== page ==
I have been considering the growing phenomena of social enterprise recently. There was a time things fitted neatly into private, public, charity, co-op and association/club but now we have, partly I thing due to the introduction of CIC, the addition of social enterprise. Not a charity, not a democratic organisation and not a for profit business. With this has come a flurry of modules, books, papers, conferences and consultants. But I’m worried.
I’m worried because for one I think many who have travelled this route do not realise what they have done, they do not realise they are creating an enterprise they cannot sell, cannot cash in on retirement. I think the general lack of trust in capitalism has seen this as a popular ‘alternative’ but I am concerned as to how alternative it actually is.
Let’s look at the differences (if any): a private enterprise needs customers, finance, people management and operational skills. Any profit made belongs to the owner and can be reinvested and capitalised or taken. Either way there is an increase in personal wealth. With a social enterprise there is a need for customers, finance, people management and operational skills. Any profit made belongs to the enterprise and there is no increase in personal wealth except for salary. Where I am stuck is that the first four are identical to private enterprise, customers, money, people, and organisation. Skills and knowledge developed in private sector is immediately transferable. The only difference is the founder has no increase in wealth linked to company success (beyond salary). What then do the text books, papers, consultant etc teach that is not already in the public domain?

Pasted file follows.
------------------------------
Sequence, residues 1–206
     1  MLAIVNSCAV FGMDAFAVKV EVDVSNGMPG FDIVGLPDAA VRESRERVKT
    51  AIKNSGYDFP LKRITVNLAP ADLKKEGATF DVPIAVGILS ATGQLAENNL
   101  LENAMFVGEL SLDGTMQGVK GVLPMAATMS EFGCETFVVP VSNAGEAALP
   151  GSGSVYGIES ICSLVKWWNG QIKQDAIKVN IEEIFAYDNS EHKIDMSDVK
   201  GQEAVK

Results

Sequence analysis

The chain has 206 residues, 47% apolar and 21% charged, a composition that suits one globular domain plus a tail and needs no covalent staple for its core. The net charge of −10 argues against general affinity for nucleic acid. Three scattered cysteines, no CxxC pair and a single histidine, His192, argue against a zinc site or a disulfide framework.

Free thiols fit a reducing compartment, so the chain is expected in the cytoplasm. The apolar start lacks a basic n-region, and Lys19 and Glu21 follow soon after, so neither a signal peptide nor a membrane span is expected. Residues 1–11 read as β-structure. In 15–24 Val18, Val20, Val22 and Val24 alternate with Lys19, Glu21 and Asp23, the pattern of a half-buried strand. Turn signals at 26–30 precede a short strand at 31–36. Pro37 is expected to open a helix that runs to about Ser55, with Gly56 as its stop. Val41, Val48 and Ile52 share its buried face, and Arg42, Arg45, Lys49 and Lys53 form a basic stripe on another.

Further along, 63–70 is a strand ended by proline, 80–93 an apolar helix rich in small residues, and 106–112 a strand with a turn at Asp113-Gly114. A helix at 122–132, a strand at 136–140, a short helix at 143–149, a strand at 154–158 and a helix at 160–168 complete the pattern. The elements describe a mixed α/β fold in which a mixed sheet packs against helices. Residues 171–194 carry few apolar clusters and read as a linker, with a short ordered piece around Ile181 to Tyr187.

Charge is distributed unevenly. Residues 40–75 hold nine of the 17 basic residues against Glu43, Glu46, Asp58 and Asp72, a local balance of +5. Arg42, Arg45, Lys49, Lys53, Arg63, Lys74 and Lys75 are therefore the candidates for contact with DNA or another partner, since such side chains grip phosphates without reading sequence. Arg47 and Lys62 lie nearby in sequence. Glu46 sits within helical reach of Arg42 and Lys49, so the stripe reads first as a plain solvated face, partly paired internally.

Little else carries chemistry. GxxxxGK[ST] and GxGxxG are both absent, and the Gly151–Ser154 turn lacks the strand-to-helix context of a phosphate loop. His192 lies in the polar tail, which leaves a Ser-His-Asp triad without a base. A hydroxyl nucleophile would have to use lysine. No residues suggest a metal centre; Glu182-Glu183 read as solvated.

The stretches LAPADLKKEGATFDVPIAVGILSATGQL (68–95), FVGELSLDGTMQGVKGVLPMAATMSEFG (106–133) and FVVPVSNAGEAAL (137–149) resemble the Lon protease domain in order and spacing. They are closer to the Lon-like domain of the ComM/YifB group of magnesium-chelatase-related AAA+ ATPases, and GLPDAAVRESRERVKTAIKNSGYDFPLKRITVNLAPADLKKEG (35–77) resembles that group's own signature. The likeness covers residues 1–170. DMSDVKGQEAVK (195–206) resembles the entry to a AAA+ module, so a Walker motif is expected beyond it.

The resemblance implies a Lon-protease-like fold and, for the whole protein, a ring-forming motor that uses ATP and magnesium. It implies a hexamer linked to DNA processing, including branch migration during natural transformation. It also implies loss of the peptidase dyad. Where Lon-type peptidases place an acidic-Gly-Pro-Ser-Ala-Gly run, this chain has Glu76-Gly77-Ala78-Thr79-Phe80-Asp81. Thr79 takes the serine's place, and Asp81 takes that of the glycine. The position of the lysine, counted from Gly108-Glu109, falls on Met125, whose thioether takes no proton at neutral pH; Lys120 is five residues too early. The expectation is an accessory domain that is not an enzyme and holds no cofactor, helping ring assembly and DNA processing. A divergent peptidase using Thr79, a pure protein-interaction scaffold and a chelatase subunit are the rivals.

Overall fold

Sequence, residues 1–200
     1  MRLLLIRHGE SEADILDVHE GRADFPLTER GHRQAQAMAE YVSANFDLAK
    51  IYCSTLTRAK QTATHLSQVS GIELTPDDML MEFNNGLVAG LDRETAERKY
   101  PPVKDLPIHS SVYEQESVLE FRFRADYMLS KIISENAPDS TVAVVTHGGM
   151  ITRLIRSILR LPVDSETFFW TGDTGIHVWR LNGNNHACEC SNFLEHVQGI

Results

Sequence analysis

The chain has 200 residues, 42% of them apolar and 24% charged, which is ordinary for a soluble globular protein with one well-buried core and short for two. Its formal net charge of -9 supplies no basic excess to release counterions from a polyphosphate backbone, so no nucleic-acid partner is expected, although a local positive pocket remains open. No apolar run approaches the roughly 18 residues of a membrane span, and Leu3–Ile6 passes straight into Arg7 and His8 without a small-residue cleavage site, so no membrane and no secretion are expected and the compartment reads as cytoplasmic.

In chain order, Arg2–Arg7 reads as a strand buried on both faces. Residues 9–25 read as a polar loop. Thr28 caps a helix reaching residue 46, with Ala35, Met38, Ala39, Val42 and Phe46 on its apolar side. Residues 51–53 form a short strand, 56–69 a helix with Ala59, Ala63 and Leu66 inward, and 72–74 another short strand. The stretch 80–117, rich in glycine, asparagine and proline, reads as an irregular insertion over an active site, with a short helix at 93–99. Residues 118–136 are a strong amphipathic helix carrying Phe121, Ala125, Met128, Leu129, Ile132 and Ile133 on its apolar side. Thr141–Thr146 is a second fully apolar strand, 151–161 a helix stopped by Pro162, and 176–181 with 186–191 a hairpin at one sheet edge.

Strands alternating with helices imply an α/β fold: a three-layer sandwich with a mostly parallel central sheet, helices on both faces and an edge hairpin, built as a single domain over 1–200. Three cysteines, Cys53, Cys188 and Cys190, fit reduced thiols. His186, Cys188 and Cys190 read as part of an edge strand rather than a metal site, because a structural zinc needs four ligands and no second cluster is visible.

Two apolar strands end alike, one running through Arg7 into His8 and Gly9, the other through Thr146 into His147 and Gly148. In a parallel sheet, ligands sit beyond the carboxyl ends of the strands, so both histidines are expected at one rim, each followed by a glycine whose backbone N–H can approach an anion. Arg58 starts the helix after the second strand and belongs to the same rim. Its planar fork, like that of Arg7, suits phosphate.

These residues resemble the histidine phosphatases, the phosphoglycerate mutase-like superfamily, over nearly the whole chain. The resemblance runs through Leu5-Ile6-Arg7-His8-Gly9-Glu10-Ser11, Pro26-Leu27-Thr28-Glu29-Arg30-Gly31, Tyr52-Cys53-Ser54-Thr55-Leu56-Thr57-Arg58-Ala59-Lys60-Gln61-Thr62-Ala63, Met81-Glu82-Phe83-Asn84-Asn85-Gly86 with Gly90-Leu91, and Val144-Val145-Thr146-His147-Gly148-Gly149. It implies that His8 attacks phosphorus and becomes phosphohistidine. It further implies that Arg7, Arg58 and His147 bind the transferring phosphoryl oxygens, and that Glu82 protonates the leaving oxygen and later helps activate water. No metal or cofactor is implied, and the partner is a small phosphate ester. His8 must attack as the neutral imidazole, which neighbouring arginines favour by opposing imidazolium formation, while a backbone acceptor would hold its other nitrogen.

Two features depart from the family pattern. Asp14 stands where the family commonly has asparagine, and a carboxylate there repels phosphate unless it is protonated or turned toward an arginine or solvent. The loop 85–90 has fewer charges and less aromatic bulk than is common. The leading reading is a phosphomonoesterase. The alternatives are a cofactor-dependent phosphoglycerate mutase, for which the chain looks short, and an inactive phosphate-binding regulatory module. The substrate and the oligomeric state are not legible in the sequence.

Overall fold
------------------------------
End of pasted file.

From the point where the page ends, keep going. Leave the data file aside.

What also do founders of social enterprise hope to achieve? If it is access to public money and access to public contracts – restricted to social enterprises – then fair enough – eyes wide open and all that. It is a way of leveraging money from the public purse – perhaps of offering better value for money than the public sector. However if these individuals imagine that they are somehow opting out of the pressures of business, of the need to aggressively pursue opportunities, to mange staff effectively and to balance the books they are mistaken. They are also mistaken if they think that their hard work and re-investment will result in ‘their’ company increasing their wealth.